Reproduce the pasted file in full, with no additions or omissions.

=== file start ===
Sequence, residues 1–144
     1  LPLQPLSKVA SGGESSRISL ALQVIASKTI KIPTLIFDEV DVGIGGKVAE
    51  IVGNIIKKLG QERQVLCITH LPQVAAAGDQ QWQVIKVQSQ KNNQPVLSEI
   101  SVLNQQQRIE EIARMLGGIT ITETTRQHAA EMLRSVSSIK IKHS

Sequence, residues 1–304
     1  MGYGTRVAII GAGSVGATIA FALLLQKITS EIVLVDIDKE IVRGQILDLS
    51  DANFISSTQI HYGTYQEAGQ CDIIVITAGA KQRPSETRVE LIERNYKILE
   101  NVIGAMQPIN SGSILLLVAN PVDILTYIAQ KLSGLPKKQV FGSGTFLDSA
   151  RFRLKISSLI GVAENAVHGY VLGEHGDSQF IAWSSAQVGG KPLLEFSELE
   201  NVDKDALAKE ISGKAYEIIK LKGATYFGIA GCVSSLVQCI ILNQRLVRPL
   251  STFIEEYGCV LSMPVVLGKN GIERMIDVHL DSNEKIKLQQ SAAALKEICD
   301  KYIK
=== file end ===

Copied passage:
Sequence, residues 1–144
     1  LPLQPLSKVA SGGESSRISL ALQVIASKTI KIPTLIFDEV DVGIGGKVAE
    51  IVGNIIKKLG QERQVLCITH LPQVAAAGDQ QWQVIKVQSQ KNNQPVLSEI
   101  SVLNQQQRIE EIARMLGGIT ITETTRQHAA EMLRSVSSIK IKHS

Sequence, residues 1–304
     1  MGYGTRVAII GAGSVGATIA FALLLQKITS EIVLVDIDKE IVRGQILDLS
    51  DANFISSTQI HYGTYQEAGQ CDIIVITAGA KQRPSETRVE LIERNYKILE
   101  NVIGAMQPIN SGSILLLVAN PVDILTYIAQ KLSGLPKKQV FGSGTFLDSA
   151  RFRLKISSLI GVAENAVHGY VLGEHGDSQF IAWSSAQVGG KPLLEFSELE
   201  NVDKDALAKE ISGKAYEIIK LKGATYFGIA GCVSSLVQCI ILNQRLVRPL
   251  STFIEEYGCV LSMPVVLGKN GIERMIDVHL DSNEKIKLQQ SAAALKEICD
   301  KYIK